If any significant number of Labour councils defied the Tories in the way I have described, refused to make cuts, and mobilise a big campaign, the government would have to retreat quickly. If even one council took a stand, the Tories would have a serious fight on their hands.
Poplar in East London in the 1920s and Clay Cross in Derbyshire in the 1970s took a strong stand of defiance against a Tory government. And, although both were fairly small councils, the only ones which remained defiant when other Labour councils faded, both won. Both won changes in government policy. The law has been changed, either because the Tories don't want to make martyrs, or because they think scarce any sanctions are needed to keep councillors in line. The legal powers to jail councillors, as during the Poplar struggle, or heavily fine and bankrupt them, as in Clay Cross, or surcharge them, as happened to Liverpool and Lambeth councillors in the 1980s (after they'd backed down), no longer exist. The Secretary of State for Local Government does have wide powers to send in commissioners to run a council, as has recently been done in Tower Hamlets. But think about it. The Tories send in unelected commissioners to take over a local authority and impose cuts — and the elected councillors are on the streets, around the Town Hall, campaigning against those cuts. They are backed by council workers and a mobilised local community.
A victory against the cuts would be much more possible in this scenario. Certainly more possible than if it's ruled out in advance by the councillors meekly making the cuts. Directly imposing cuts against the organised and mobilised will of the local community and its elected representatives is more difficult than having them done for you by elected councillors who tell the community that the cuts are unavoidable and as small and gentle as they could be.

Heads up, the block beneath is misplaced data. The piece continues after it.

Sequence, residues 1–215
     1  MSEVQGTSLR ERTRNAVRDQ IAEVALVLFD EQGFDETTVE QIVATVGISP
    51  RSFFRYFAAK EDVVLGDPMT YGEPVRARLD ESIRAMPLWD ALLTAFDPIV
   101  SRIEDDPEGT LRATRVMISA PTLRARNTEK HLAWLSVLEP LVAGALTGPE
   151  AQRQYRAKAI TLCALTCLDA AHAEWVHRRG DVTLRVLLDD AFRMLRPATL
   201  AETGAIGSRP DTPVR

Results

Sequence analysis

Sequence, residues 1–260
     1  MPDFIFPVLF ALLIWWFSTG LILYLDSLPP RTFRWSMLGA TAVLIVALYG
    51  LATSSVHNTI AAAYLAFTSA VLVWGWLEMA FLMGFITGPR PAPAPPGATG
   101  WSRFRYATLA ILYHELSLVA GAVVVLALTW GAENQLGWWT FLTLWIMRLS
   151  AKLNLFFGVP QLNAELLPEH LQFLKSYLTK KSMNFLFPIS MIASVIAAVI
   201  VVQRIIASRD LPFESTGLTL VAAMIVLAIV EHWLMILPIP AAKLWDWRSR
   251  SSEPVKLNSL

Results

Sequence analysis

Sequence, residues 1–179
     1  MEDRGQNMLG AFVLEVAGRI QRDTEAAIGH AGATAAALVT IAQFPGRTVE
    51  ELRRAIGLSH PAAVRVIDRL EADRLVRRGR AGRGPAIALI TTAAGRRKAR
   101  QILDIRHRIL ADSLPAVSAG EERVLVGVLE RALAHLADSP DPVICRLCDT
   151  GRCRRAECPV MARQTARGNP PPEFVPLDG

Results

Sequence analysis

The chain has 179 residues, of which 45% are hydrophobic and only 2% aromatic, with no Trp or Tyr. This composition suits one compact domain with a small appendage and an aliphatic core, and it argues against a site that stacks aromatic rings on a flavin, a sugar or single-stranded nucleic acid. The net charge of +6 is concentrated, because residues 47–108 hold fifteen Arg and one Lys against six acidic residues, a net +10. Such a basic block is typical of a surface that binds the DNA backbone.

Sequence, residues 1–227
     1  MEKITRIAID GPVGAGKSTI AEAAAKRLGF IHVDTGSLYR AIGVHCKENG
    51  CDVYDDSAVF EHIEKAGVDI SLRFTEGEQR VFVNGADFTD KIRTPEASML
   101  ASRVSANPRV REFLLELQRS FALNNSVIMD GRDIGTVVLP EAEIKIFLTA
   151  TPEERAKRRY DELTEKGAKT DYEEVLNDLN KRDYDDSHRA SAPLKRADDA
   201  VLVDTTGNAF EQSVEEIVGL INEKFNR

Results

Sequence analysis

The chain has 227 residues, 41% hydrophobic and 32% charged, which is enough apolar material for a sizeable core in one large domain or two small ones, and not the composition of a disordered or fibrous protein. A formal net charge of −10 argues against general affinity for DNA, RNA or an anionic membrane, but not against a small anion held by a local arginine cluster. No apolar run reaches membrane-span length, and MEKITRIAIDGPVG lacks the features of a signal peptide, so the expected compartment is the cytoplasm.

My guess is that in fact the Tories would hesitate. They'd first hope that pressure and threats would make the councillors lose their nerve. Demonstrations, strikes, rent strikes, residents withholding council tax, the council withholding PAYE or VAT money, would all be possible. The aim should be mounting pressure to force concessions from the Tories, push them to back down, and create the best possible conditions for their replacement by a Labour government which will restore funding,
Councillors should be pushed to integrate themselves as a part of a democratic anti-cuts movement which discusses, debates and decides how to pursue and escalate the campaign against the government. Councillors will have little credibility with workers, tenants and the community unless they themselves take a stand against the government by refusing to vote for cuts. Measures like cutting top management pay are important not because they can plug the funding gap, but because they demonstrate political will. They mark a break from the model of Labour councils which continue to pay huge salaries at the top, use consultants, private services, academise schools, and make cuts without a murmur. The first step must be a strong anti-cuts movement to fight the cuts regardless of what councillors do, building unity across the left and labour movement in that fight.